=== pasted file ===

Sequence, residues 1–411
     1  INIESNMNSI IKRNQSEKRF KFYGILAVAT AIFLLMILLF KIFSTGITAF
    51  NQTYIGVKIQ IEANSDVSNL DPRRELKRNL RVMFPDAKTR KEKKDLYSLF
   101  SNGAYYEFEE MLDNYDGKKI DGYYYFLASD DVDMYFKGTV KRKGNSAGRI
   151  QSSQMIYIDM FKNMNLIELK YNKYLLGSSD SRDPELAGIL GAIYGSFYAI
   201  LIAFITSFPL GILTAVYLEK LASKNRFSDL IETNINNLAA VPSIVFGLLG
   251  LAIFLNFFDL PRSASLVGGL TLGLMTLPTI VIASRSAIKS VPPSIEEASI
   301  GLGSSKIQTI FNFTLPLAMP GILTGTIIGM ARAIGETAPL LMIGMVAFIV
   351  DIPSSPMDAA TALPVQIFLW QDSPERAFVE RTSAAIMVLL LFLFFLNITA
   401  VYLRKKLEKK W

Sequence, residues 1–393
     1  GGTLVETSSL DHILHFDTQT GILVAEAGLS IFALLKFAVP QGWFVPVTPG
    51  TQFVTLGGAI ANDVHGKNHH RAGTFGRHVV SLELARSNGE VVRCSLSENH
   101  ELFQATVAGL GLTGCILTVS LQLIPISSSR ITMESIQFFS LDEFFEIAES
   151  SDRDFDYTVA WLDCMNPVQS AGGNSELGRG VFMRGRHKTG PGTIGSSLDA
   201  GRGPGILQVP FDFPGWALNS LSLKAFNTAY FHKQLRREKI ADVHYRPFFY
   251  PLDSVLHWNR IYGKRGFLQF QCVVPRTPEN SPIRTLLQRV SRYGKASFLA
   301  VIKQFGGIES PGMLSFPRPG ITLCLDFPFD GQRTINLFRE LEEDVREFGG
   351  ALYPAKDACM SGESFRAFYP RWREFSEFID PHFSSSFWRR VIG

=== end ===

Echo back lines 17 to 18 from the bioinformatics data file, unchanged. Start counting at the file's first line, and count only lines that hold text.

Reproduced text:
   251  PLDSVLHWNR IYGKRGFLQF QCVVPRTPEN SPIRTLLQRV SRYGKASFLA
   301  VIKQFGGIES PGMLSFPRPG ITLCLDFPFD GQRTINLFRE LEEDVREFGG